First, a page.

Now, I realize it can be hard to demonstrate an idea. When you're dealing with a product, like a set of knives, you can show how they cut up fruit or do a test versus other brands. And it's fun for the audience to watch.

That can be more challenging when you are presenting something intangible. Like a marketing concept, or the law of attraction.

Yet, I think it's worth your while to find ways to incorporate demonstrations into your presentation. For example, if you use a particular coaching method, you could invite an audience member up to do a quick 5-minute demonstration of how you work.

You could even prepare a video and present that. Maybe a montage of classes with you, or showcasing people using your networking techniques in conversations. Anything you can come up with!

These work especially well in live shows, because they typically come as a surprise to the audience. After all, how often do you see a speaker break up their speech to get involved with the audience?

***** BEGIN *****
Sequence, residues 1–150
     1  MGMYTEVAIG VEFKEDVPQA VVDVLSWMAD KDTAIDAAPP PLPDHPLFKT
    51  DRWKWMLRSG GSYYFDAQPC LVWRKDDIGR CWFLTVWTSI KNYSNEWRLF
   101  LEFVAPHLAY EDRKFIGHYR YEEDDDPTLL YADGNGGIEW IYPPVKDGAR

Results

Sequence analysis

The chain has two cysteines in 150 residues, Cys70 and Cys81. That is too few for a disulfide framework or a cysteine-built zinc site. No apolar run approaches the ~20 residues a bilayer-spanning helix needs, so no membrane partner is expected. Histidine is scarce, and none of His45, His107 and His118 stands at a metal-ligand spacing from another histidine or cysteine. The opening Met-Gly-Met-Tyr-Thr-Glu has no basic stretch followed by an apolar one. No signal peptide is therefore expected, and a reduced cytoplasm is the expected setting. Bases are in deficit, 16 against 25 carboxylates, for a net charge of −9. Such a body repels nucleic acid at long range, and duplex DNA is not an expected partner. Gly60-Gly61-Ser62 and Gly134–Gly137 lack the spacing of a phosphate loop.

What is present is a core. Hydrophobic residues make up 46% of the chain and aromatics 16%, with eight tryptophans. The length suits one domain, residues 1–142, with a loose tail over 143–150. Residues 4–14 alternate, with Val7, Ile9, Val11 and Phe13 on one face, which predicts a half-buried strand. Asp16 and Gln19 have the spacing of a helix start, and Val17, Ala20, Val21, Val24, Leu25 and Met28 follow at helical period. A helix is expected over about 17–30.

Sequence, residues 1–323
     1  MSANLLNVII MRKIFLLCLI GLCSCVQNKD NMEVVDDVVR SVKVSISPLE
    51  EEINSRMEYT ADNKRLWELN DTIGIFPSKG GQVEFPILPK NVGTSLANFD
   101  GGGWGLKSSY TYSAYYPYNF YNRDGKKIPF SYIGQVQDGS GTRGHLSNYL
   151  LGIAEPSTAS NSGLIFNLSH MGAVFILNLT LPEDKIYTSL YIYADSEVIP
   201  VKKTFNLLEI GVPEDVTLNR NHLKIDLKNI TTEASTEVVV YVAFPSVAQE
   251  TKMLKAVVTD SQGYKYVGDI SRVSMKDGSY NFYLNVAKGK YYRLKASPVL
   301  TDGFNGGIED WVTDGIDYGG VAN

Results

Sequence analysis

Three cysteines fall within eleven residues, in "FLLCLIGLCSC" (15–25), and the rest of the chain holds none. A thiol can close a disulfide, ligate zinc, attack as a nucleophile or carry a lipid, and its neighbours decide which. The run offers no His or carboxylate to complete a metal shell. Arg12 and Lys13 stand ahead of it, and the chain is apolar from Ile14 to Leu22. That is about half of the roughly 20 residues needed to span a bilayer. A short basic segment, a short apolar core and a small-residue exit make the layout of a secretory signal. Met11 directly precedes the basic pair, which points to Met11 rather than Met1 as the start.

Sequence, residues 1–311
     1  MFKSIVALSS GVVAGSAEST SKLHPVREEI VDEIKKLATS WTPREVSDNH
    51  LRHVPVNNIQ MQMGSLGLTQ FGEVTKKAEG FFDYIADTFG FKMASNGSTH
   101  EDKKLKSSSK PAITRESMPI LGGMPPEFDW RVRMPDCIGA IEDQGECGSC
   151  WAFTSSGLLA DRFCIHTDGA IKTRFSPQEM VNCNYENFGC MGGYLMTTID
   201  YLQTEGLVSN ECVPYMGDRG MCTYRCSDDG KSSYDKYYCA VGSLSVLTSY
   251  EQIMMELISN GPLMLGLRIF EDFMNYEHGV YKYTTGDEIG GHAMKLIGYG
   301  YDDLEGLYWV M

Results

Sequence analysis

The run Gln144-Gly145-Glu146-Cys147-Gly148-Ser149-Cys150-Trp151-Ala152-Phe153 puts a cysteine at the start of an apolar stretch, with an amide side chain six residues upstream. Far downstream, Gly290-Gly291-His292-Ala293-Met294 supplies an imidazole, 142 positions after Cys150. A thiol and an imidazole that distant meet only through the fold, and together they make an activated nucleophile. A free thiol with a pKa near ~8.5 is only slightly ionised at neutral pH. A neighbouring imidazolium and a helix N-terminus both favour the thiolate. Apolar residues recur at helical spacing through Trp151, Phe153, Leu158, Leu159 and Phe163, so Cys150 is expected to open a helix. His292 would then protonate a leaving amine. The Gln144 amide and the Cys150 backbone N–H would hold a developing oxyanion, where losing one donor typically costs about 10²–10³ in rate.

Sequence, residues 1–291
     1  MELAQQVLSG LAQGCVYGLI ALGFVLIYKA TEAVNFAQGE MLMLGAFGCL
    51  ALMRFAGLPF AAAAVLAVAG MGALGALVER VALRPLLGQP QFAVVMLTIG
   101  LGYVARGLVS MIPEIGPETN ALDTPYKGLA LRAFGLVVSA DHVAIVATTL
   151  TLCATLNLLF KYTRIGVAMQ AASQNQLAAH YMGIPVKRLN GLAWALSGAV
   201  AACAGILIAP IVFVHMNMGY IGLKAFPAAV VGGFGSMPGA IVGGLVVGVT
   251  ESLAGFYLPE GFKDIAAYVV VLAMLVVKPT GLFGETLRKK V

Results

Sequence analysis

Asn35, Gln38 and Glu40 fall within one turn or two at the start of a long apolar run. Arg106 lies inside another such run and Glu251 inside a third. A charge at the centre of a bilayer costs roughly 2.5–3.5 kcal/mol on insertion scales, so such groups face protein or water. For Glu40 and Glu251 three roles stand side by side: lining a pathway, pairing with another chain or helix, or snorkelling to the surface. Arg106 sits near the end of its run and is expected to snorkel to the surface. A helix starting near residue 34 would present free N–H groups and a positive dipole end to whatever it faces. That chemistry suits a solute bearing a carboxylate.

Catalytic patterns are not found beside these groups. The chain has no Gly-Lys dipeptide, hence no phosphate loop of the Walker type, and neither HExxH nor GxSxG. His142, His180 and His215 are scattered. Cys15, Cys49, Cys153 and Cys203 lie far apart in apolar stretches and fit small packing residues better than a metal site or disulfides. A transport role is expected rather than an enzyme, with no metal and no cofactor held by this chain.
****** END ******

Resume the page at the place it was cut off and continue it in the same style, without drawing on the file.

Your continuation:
I was at a presentation where a speaker was talking about the difference between marketing and selling.  She held up a gift certificate, to the event we were attending, and then invited anyone who would like the free ticket to come up to the front of the stage.  The whole audience moved to the stage.  Then she said what I just did is called marketing, its all about lead generation.  Then she went on to ask us if she had made any money yet, from her offer.  And of course everyone says “no”.

She goes on to clarify that making money is the SALES function whereas marketing is getting the message out to people in a way that allows them to self-select.  SALES would be taking those potential clients and converting them into paying clients.